266. Look like liberals along the Downsian continuum.
  267. Likewise, liberals who win in conservative districts,
  268. Are often placed like conservatives along the ideological spectrum.
  269. Nationally, then, all this supports,
  270.    The median voter assumptions—the
  271.        Median voter’s political force, I guess.
  272. Political scientists have found,
  273. Party pressure accounts for about,
  274. Ten percent of MCs changing their roll call vote; because,
  275. Party pressure creates two different Downsian spectrums,
  276. That these representatives do tout.[3]
  277. Think of politicians as experience goods.
  278.    Before you buy, you may be unsure,
  279.       Of the quality of the product.
  280. Political scientists have also found,
  281.    That Presidents keep about sixty percent,
  282.         Of their promises.[4]
  283.    Likewise, House members on environmental legislation,
  284.         Kept their promises roughly seventy percent of the time.[5]
  285.             Isn’t that pretty good for said partisans?
  286. So voters see these politicians,
  287. As a type of experience good which,
  288. Cannot be accurately forecast,
  289. Before an election.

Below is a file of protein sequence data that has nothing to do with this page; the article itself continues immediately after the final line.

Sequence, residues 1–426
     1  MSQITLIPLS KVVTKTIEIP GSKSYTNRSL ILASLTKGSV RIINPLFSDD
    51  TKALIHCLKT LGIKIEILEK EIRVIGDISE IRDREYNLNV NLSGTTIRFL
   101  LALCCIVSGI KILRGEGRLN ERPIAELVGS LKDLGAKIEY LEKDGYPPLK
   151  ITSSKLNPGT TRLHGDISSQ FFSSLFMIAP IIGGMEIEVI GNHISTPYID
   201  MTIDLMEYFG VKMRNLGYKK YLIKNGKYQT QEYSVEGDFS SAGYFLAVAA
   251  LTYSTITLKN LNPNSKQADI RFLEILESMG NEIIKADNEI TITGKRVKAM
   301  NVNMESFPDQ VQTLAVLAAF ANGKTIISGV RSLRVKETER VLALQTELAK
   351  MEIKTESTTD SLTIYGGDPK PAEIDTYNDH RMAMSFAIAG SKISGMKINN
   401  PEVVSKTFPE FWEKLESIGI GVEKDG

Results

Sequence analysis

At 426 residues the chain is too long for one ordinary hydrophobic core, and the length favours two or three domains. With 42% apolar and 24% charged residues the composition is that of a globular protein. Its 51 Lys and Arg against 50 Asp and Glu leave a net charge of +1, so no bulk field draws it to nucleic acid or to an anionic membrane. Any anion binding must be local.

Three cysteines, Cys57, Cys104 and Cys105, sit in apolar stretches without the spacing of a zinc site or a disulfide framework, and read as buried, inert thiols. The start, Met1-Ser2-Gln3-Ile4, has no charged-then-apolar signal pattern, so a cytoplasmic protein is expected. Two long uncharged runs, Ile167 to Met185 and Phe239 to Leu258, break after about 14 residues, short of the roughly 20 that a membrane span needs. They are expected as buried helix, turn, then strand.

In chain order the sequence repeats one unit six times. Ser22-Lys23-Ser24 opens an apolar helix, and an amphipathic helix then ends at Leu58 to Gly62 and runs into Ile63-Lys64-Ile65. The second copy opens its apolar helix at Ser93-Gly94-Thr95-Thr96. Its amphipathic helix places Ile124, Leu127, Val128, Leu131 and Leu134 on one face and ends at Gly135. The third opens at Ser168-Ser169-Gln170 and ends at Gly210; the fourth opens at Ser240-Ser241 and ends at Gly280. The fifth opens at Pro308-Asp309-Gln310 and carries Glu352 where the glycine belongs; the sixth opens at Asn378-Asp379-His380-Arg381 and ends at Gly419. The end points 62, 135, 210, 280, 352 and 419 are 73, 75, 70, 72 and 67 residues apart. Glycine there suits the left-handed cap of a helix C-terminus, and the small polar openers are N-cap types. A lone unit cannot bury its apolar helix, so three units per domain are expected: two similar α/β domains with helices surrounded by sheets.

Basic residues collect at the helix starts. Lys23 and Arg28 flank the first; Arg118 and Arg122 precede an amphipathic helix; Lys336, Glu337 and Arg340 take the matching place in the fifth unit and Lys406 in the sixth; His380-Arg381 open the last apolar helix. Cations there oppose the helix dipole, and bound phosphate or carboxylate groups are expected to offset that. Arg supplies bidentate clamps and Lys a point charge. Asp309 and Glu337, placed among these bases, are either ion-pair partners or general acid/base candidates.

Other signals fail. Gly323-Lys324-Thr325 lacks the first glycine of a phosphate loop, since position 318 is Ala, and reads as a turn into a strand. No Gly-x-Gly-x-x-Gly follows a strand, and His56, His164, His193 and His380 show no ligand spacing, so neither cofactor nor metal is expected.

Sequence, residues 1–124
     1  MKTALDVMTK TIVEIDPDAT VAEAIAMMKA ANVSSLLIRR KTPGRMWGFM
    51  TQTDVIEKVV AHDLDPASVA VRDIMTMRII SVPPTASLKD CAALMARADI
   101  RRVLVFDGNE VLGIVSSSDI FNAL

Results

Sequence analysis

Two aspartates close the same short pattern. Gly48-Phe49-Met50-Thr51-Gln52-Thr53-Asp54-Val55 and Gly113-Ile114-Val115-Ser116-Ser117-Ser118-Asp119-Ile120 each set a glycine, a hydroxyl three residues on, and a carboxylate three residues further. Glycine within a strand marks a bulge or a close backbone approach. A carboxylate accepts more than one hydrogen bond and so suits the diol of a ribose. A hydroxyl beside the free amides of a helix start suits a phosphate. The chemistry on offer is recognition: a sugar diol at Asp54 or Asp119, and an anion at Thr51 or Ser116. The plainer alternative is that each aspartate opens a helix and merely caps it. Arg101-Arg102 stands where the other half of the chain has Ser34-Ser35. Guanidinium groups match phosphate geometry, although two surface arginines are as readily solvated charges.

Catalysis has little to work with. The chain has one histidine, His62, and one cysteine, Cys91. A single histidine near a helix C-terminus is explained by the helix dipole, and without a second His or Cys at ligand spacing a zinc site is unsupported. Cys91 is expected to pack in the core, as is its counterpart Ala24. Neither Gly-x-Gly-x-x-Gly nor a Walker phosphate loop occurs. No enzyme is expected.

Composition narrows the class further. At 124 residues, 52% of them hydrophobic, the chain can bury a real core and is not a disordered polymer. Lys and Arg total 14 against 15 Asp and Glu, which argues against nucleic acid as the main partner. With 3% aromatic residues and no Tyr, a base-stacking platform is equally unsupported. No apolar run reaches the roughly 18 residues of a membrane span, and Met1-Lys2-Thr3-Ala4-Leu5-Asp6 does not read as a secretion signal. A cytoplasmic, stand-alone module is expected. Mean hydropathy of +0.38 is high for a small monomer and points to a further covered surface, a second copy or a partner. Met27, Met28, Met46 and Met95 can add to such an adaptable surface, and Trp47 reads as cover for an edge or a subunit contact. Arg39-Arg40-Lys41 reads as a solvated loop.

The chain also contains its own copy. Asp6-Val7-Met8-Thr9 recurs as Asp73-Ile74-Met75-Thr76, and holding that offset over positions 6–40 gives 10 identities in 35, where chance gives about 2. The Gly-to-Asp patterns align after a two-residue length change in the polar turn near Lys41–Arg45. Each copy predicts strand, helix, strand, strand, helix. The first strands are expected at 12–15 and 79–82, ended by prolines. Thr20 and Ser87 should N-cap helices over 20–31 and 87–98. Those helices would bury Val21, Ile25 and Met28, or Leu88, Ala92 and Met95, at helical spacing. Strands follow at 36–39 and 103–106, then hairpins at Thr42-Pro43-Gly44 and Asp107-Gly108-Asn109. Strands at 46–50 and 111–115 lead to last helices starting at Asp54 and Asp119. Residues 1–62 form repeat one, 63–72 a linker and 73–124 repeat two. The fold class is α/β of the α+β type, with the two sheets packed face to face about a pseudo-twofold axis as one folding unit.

290. Hence the people voting in the election,
  291. Are more likely to determine,
  292. That a candidate tied to a party affiliation,
  293. Will produce the good that accompanies,
  294. Party promises?
  295. It’s complicated.
  296. In theory, ‘tis wiser to be unaffiliated, since,
  297. The candidate will not be ideologically located,
  298. As a median party member.
  299. A recurring hypothesis sounded:
  300. Voters are a disparate group.
  301. In theU.S., the districts would institute,
  302. Various multi-faceted coups.
  303. According to The Surety Model:
  304.    “Party leaders are ‘hired’ by their back-benchers
  305.       To serve as a third-party guarantor
  306.        Of the performance in office of the candidates
  307.          Who carry their party’s label.”[6]
  308. Here is the main point:
  309. It’s not the campaign promises or the party’s program,
  310. Will or will not be approved by the incumbent party; rather,
  311. The guarantee is that extreme party positions—
  312. Will never be considered.